The government will attempt to “clarify” the roles of its schools commissioners, funding agency and Ofsted in order to address confusion among school leaders, the education secretary will announce today.
In his first major speech to the schools community since taking office, Damian Hinds will tell delegates at the Association of School and College Leaders annual conference that he intends to “make a statement” to ensure teachers and school leaders have a “clear understanding” of exactly who they are accountable to, and for what.
This clarification, which will be made by Hinds at a later date following a consultation with school leaders, will address the roles of the commissioners, Ofsted inspectors and the Education and Skills Funding Agency, Schools Week understands.
The growth of the academies programme and subsequent increase in the influence held by regional schools commissioners has led to a blurring of the lines between different levels of accountability within England’s schools system.
In 2015, a regional schools commissioner was criticised for requesting an underperforming school to grade its teaching – despite Ofsted ditching the controversial practice the previous year. And last year, it was revealed that commissioners were writing to coasting schools to identify specific support, leading critics to suggest they are now operating as reinvented local authorities.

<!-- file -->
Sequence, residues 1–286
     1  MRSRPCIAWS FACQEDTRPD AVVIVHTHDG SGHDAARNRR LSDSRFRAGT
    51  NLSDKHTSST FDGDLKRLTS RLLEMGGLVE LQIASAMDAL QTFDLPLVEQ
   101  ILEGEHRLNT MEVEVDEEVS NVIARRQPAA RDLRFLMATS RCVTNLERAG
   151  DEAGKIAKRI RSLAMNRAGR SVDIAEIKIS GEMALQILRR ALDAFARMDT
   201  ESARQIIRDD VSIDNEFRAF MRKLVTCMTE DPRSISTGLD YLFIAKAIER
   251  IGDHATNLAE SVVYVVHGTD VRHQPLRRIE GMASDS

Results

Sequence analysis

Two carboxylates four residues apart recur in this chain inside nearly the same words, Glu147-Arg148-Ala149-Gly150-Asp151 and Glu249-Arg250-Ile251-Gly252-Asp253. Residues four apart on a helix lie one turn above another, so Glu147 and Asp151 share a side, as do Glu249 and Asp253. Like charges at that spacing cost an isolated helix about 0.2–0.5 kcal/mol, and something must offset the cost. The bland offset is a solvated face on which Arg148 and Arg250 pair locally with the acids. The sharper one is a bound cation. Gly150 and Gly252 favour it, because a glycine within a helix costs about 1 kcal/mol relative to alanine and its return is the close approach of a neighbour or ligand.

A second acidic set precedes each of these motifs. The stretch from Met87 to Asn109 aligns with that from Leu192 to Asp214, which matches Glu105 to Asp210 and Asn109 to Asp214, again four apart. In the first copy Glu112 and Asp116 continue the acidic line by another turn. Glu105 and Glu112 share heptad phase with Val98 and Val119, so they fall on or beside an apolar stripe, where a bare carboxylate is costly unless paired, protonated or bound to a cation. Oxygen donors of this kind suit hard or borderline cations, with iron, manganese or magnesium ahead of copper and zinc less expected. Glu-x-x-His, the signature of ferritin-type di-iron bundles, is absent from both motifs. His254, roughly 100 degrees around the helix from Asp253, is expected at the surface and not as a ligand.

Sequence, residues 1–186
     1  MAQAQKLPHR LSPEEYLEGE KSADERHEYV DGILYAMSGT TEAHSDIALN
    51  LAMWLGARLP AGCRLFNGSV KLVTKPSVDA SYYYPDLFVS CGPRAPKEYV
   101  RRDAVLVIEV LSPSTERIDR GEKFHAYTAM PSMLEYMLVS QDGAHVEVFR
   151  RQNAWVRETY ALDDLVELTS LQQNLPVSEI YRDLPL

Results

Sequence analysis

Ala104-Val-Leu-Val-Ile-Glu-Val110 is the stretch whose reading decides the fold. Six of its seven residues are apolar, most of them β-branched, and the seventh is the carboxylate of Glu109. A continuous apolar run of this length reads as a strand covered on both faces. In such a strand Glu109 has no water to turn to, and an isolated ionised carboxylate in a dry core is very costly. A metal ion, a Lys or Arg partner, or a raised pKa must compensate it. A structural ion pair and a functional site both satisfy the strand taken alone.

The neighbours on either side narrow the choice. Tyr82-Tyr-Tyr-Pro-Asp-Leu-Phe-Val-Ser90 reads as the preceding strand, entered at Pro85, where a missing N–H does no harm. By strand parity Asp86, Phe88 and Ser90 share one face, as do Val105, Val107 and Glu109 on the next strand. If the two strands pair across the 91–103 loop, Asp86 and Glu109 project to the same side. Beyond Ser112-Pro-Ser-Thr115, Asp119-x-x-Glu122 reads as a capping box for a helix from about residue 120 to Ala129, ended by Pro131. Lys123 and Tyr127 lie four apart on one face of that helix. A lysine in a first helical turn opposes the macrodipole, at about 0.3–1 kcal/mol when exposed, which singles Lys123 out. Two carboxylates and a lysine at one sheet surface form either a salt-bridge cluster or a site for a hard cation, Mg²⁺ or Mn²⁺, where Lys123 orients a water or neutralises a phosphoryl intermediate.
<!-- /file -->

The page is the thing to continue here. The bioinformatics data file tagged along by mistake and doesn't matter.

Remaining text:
In 2016 Sir Michael Wilshaw, Spielman’s predecessor as chief inspector, described the schools commissioners system as “not clear” and said relationships between them and Ofsted were “a bit tense”. The Department for Education has been actively looking at the overlap between the two organisations since January.
Appearing alongside Amanda Spielman, the chief inspector of schools and Geoff Barton, ASCL’s general secretary, Hinds will say that schools must continue to be held to high standards, because children “only get one chance at an education and they deserve the best”.
However, the education secretary will acknowledge the current accountability regime “can feel very high stakes for school leaders – and that this filters down to all staff”.
“I also know that schools can at times feel accountable to multiple masters, and even subject to multiple ‘inspections’. That is why I will be making a statement – following consultation with ASCL and others – to clarify the roles of actors within the system.”
Barton told Schools Week he welcomed Hinds’ promise of clarity, and said leaders had found their “heads spinning in all directions” as a result of the blurring of the lines between official bodies.
“If you go back to 2010, the great promise was one of liberation. You were going to be freed from the shackles of accountability, so long as your school continued to perform well. And I think the early realisation from the department is that they had given away all the levers of power, and therefore a middle tier of a kind was put in place.”
Barton said part of the confusion is that while Ofsted’s role is “mainly retrospective”, regional schools commissioners appear to be focused on “predicting a schools trajectory”.
“That becomes incredibly stressful and anxiety-building for school leaders because they feel they’re being judged on stuff where the students in the system haven’t yet sat their exams, so anything that brings clarity to that has got to be welcome.
“I just think people find themselves confused by, ultimately, who they should be accountable to.”